As for bank account interest, Phooey! I prefer to keep my money working hard for me so that I/we can take it easy. Banks are good to clear your checks through, but not to invest in or leave money with. And BTW, your mathematics could also use some work. That is an increase of >300%, not 50%, i.e., $1.25 M(illion) divided by 300K = 4.167, (minus 1) = 3.167 or a 316.7% INCREASE. And don't forget the restaurant. they didn't just GIVE it to me!!!!!! Please look, and re-check your figures, before you leap!
    Mar 28, 2015. 09:25 PM | Likes Like |Link to Comment
  • Investing In High Dividend Yield Stocks: A Sucker Bet? [View article]
    Bruce, did you happen to read the first sentence of my most recent comment? My stock market experiences, and gains, have been since about 1980. This is NOT a recent runup caused by stock prices, it has happened over a time span of ~ 35 years of stock price fluctuations! In fact, I made the most money in 2008-10 when nearly everyone told me I was going to lose my shirt! I bought hundreds of shares of beaten down stocks that paid me good dividends, and held them to let the capital gains AND relatively high yields work for me.

    And I DO NOT invest for capital gains or a lucky guess. I invest solely for dividends and the long haul! A tax rate of 15% on my capital gains and some dividends, and the tax deferral situations with MLP stocks, make my tax returns look pretty good! I pay a helluva lot of taxes, but I can afford them, and I keep them as low as possible through active investing (my hobby)!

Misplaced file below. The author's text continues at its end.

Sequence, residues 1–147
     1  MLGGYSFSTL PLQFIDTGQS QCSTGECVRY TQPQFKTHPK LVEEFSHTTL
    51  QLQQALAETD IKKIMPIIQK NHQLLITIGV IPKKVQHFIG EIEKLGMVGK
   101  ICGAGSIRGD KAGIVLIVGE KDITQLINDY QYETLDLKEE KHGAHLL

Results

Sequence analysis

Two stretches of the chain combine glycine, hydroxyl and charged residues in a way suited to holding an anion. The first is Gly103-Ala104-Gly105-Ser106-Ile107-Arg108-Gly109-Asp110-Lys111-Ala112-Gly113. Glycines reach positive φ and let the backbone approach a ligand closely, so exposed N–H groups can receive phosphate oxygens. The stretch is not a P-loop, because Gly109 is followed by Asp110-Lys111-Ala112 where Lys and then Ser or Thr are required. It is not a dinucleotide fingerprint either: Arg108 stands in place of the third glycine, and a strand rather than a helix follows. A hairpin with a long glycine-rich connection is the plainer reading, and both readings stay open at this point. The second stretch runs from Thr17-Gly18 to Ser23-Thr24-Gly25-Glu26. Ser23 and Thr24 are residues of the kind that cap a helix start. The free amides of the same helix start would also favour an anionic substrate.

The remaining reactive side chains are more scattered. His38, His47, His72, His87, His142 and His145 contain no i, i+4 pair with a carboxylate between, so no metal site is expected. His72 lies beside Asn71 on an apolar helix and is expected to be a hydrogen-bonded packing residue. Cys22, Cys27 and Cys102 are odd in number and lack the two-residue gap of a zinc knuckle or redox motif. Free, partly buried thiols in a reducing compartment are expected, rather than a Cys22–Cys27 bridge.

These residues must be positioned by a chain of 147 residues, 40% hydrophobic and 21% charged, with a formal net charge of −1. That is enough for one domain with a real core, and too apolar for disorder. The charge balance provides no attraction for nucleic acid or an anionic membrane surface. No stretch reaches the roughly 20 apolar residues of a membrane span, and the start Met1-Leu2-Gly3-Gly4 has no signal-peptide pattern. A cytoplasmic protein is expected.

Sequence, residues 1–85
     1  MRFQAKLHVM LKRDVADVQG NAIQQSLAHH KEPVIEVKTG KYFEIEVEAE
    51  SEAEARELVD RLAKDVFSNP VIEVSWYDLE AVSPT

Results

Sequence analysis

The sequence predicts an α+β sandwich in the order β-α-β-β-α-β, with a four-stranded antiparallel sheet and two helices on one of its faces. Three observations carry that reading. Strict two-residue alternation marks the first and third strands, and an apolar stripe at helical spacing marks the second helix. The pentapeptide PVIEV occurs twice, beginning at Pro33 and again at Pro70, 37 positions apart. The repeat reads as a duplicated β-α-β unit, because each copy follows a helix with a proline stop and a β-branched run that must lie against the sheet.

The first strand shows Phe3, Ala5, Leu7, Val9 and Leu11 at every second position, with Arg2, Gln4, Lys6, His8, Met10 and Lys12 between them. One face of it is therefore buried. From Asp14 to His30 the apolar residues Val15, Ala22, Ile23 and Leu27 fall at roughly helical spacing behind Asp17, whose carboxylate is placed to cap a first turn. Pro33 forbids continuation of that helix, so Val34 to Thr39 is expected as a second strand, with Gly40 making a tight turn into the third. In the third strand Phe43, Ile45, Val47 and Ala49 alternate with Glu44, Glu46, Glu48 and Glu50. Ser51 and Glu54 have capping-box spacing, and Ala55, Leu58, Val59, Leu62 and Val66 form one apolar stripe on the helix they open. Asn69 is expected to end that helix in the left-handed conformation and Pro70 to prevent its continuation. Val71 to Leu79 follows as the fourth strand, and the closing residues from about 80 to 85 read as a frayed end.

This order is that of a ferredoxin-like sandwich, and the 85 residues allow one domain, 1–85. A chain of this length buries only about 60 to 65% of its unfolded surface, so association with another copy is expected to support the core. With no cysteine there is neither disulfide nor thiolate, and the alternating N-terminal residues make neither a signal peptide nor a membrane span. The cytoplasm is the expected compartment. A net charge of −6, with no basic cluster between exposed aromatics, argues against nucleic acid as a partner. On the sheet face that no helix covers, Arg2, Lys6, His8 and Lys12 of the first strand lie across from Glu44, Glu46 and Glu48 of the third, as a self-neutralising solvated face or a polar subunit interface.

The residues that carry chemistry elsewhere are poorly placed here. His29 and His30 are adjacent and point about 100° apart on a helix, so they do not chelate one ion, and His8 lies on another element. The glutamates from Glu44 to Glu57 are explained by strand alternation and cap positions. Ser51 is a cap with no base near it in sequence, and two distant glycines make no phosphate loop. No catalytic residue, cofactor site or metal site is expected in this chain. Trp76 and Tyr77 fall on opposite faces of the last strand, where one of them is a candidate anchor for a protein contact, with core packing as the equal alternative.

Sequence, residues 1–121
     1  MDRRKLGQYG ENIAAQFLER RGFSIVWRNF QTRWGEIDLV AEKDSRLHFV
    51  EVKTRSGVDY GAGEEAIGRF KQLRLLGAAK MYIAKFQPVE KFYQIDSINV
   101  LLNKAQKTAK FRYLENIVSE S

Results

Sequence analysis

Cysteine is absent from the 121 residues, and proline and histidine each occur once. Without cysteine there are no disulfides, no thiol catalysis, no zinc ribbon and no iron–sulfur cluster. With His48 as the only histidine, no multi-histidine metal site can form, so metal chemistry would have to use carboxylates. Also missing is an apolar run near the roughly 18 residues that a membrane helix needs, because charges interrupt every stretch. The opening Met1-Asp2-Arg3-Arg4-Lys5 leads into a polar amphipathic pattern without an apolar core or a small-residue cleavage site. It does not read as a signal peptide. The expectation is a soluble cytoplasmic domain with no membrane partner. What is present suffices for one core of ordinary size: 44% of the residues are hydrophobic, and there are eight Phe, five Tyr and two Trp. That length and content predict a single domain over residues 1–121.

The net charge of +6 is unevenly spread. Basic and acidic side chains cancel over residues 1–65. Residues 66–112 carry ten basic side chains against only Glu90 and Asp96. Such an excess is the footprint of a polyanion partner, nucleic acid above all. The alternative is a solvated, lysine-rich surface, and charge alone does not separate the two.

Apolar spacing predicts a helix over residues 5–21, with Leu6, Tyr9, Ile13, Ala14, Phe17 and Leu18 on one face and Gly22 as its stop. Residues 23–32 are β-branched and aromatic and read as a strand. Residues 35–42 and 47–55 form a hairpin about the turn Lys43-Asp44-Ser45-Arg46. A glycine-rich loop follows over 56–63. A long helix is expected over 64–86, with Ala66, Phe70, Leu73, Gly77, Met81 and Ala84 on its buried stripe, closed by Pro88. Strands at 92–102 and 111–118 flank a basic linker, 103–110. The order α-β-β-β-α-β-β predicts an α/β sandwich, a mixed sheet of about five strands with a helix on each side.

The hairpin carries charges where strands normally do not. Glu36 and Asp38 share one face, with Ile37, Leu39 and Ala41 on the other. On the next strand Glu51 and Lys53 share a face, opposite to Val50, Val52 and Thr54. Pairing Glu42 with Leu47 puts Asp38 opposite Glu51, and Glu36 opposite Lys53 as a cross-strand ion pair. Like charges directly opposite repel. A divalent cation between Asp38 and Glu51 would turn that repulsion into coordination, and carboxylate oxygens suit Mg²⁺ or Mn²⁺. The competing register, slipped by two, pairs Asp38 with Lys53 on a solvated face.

Please read my bio! I am not a neophyte in the world of financial investing! I have some actuarial training and MUCH computer experience. These, the rule of 72, and various permutations of that rule, tell me that the suckers are those who buy Low Risk, Low Yield (LRLY) stocks and bonds, when they could do much better for slightly more risk with MRHY stocks. And very few C-Corp stocks meet all of the MRHY criteria! So why should I even consider them or read articles such as this that seem to indicate they are the best deal in town?
    Mar 28, 2015. 04:31 PM | Likes Like |Link to Comment
  • Investing In High Dividend Yield Stocks: A Sucker Bet? [View article]
    My goodness! I'm so unknowing and stupid! How did I ever run my stock portfolio up from $300K in 1980 to $1.25M today, plus sole ownership of a restaurant, while ignoring the "expertise of the authors here"? And while also living off the proceeds from that ignorance?

    Wait a minute! Maybe it is because I completely ignored that marvelous advice and did my own thing?!? Or, maybe the rule of 72 doesn't really care what the experts say, especially when it is continuously applied to high initial yields such as 10% and 12.5%!
    Mar 28, 2015. 03:13 PM | 1 Like Like |Link to Comment
  • Investing In High Dividend Yield Stocks: A Sucker Bet? [View article]
    Bruce, If I were to exclude BDC, REIT, and MLP stocks from any article, I would be excluding 95% of my portfolio. I have quite a problem with comments excluding those high yield stocks, and also with people who call 4% dividends high yield! I rake in over $150K annually from my MRHY stock holdings and damn sure wouldn't be living where I do now if not for them.

    I guess I'm in the wrong place, reading articles such as this? I certainly disagree with its premise! I feel that anyone who Pooh-poohs high yield stocks is not the kind of person from whom I want to read any more articles! GOODBYE!
    Mar 28, 2015. 12:25 PM | 1 Like Like |Link to Comment
  • Get U.S. Dividends From Canadian Dividend Stocks [View article]
    As a US citizen, I have purchased the following 3 Canadian stocks in the past few years. They are not listed in your article, but paid me some pretty good dividends in US$. BTW, these are the symbols on the US exchanges. I believe the Toronto exchange lists them without the F.